Finally dressed in a red cotton pantsuit that emphasized her tall and slender frame with fullness at her breasts, hips, buttocks, and thighs, Mona slipped into animal print kitten heels. She grabbed her matching briefcase before leaving the modest but comfy two-bedroom cottage she'd been renting for the last few months upon her return to the small rural town of Holtsville, South Carolina. The early spring air was rich with the smell of the towering trees, grass, and wildflowers of her surroundings. Mona was not an "earthy, dig your feet in the dirt, sigh over cute furry animals" type of woman. At all. She preferred paved roads to dirt ones and sidewalks to grass lining the roads, but even she couldn't deny the allure of the southern quiet being broken up only by the sounds of nature.
She came down the steps of the wraparound porch and opened the back door of her red VW bug with a white convertible top. The heart-shaped logo she used for her business, Modern Day Cupid, was on the doors and trunk. She shook her head at the irony of being a professional matchmaker who couldn't find a love of her own. That little nugget stayed stuck in her craw almost as much as her little vibrator stayed pressed to her—
The vibrating of her iPhone interrupted her thoughts. She knew it was an e-mail and didn't bother to check it as she reversed down the paved driveway and started on the main road leading into the heart of rural Holtsville. She drove by the many houses and mobile homes that were far outnumbered by the amount of towering trees, fields overrun with farm animals or waist-high grass, or abandoned homes covered in wild ivy.
Mona smiled and shook her head at the memory of those first months after her family moved there from New Orleans, Louisiana, when she was just ten. In her young eyes rural Holtsville made metropolitan New Orleans look like New York in comparison. It wasn't the type of town you moved to for opportunity. Relocating to Holtsville meant that either you grew up there or left behind family there; otherwise you wouldn't know it even existed.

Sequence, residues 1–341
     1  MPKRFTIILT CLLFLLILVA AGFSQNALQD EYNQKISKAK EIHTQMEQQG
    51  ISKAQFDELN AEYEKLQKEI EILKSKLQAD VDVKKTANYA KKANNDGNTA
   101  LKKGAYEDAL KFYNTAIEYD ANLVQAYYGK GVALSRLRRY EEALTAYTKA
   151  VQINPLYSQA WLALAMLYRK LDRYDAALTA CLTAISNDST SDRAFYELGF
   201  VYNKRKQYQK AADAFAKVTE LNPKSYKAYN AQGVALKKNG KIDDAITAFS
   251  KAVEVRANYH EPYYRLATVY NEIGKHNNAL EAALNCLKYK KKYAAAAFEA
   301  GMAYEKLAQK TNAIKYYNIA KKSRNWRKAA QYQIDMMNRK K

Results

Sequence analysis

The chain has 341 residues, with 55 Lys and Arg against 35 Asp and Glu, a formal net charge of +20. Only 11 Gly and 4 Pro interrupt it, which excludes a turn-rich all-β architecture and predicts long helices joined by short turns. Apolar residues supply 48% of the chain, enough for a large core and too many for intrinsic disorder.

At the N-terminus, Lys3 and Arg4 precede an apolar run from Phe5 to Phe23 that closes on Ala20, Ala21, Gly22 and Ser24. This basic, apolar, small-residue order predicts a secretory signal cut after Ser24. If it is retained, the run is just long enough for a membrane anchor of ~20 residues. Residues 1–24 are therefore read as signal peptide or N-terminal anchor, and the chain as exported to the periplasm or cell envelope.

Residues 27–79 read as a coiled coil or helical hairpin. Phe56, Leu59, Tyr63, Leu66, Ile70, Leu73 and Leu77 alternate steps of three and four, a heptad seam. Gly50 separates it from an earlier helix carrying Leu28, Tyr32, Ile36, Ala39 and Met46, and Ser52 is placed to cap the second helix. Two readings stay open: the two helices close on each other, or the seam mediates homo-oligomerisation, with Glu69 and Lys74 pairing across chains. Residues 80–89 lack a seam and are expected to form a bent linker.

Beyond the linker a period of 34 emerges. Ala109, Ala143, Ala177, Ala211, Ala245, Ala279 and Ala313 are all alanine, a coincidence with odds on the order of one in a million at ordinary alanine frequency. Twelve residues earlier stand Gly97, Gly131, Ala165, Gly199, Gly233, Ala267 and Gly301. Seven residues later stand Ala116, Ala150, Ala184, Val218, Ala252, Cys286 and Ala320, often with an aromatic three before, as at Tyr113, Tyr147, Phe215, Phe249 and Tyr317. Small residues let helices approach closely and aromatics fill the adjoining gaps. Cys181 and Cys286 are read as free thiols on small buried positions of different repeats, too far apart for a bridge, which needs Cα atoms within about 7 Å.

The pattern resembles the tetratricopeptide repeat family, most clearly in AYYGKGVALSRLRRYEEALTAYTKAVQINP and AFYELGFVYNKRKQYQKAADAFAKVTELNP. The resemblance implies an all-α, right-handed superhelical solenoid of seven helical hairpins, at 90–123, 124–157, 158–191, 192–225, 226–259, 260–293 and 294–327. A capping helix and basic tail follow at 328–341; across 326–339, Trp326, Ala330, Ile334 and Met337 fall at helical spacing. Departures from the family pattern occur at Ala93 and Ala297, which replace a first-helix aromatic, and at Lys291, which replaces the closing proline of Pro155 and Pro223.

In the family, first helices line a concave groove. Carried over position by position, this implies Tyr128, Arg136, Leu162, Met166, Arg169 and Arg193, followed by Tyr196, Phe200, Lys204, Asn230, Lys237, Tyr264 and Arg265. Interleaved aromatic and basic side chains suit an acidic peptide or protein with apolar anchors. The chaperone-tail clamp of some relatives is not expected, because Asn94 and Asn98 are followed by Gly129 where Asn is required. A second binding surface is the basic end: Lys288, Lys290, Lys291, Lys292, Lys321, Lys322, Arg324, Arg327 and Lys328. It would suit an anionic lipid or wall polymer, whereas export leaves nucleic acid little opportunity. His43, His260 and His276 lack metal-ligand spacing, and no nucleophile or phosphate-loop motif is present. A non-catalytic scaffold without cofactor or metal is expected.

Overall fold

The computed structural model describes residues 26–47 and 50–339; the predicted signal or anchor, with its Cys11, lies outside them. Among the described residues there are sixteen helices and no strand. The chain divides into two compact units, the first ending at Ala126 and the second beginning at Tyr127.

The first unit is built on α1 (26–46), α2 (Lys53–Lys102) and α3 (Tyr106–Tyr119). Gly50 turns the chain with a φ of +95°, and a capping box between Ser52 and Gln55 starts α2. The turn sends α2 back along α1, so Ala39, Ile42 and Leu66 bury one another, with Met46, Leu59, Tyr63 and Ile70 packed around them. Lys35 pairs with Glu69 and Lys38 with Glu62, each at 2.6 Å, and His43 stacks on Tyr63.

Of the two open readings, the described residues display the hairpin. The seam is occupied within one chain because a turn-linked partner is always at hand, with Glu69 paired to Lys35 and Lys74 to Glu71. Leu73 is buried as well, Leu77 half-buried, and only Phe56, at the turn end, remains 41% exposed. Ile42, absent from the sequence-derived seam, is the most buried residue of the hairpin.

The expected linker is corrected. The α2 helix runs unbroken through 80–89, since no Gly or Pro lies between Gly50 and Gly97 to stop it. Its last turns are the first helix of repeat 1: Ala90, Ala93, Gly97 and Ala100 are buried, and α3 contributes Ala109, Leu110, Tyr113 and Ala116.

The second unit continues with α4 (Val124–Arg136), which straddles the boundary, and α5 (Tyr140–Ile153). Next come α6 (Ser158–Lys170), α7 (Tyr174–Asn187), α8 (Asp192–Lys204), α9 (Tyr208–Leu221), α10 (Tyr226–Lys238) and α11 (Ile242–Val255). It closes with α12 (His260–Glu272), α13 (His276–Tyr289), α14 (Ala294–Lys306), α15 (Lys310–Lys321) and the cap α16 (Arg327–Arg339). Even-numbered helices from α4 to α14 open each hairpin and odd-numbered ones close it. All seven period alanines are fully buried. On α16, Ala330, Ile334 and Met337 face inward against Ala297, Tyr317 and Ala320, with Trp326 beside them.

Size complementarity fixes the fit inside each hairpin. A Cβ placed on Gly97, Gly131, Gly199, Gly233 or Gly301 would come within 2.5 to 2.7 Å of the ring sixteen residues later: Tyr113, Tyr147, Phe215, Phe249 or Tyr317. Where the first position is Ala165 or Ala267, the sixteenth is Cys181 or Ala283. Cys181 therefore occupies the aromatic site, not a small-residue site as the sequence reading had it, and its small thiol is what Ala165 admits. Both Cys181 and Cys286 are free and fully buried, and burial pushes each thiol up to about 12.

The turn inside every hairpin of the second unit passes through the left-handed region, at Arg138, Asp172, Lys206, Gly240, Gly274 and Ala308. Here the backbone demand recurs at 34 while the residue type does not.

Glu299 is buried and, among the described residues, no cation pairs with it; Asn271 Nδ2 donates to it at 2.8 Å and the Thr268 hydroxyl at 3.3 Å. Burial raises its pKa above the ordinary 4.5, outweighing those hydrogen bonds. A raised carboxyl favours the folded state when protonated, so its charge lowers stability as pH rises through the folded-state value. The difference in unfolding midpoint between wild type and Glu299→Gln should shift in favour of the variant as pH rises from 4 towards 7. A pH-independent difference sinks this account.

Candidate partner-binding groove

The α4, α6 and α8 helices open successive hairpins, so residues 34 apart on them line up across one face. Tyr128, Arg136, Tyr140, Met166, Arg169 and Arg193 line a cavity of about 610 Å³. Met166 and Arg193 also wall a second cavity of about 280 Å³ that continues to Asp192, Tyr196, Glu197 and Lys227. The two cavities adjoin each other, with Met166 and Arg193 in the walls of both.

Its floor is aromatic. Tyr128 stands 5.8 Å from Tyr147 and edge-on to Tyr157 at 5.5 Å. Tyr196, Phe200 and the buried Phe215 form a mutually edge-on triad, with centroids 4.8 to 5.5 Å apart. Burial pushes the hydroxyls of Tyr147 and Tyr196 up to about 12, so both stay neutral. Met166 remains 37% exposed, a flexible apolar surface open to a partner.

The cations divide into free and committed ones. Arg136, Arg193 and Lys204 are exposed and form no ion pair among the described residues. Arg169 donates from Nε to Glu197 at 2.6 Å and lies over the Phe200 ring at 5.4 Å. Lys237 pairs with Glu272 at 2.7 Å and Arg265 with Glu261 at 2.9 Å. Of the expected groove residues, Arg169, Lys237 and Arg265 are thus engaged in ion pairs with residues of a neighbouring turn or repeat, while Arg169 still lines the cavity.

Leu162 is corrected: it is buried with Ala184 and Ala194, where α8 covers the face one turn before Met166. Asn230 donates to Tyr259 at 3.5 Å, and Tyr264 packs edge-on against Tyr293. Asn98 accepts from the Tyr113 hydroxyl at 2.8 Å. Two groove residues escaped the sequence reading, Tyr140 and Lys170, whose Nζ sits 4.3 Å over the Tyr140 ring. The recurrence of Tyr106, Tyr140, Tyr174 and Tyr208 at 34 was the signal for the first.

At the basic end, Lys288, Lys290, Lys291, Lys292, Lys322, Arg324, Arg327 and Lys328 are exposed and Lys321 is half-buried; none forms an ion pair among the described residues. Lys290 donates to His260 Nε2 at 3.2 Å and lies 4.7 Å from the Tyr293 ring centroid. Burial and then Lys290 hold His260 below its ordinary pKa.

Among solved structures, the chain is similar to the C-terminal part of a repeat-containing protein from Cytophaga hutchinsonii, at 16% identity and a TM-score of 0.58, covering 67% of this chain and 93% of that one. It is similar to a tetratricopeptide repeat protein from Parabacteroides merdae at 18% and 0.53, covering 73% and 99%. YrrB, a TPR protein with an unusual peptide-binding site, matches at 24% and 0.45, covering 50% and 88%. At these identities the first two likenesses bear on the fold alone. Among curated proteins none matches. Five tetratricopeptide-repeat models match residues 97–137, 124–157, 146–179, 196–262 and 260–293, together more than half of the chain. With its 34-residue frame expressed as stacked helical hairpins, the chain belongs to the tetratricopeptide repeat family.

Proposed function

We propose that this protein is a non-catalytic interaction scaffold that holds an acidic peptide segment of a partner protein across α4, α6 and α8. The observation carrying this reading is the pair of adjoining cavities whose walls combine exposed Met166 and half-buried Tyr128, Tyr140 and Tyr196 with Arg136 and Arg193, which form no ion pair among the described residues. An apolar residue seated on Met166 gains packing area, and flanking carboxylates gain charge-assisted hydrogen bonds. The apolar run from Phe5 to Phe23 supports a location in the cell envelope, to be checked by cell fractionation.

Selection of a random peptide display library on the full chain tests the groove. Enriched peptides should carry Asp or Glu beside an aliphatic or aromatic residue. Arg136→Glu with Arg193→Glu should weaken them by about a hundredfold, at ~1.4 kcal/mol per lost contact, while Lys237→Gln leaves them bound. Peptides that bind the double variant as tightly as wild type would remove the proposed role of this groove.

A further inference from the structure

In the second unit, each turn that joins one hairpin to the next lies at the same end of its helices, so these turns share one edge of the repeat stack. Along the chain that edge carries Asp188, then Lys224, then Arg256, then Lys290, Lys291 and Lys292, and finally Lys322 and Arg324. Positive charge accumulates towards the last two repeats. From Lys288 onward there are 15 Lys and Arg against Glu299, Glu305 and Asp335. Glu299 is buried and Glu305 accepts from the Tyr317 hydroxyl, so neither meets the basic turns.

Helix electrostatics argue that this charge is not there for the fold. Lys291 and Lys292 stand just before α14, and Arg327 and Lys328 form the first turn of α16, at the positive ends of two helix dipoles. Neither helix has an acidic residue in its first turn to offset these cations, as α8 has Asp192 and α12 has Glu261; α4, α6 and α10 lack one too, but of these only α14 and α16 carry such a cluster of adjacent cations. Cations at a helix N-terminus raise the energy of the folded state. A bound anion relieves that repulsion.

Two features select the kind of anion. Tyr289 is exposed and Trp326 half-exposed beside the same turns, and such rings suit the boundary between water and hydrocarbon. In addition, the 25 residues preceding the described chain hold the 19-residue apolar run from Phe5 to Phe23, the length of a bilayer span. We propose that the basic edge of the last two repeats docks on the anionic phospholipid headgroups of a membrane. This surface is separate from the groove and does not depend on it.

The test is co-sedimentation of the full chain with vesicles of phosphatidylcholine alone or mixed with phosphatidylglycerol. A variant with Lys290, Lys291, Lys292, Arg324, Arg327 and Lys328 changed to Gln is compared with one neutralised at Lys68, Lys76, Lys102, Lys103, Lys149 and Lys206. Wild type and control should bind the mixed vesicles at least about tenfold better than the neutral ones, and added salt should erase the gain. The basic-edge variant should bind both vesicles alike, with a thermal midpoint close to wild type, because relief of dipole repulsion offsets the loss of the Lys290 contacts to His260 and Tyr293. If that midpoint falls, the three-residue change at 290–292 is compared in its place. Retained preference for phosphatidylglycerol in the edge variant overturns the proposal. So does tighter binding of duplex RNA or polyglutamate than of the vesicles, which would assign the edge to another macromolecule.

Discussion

Holtsville was her mother's hometown, which she'd left behind to attend Xavier University in New Orleans. It was there she met and eventually married Mona's father, a native of the city. And it was there they remained for the next fifteen years, until her father fell in love with the laid back pace and the small town familiarity during a two-week summer visit one year.
Two years later they were off to Holtsville.
Mona pulled to a stop at a red light, chuckling at how miserable she had been in those first few weeks after the move. She had ached for everything they left behind in New Orleans. She even threatened to run away—threats her parents smartly paid no mind to. "Just a little drama queen," she muttered as she checked for oncoming traffic before turning onto the main road through Holtsville.
She briefly contemplated stopping at Donnie's Diner for a good home-cooked breakfast made with plenty of butter, but pressed on toward Walterboro instead. Mona hadn't hired a receptionist yet—as she had in her previous office of five years in Columbia—so along with her matchmaking duties she had to make sure she was there to answer the phones. One more thing on my to do list.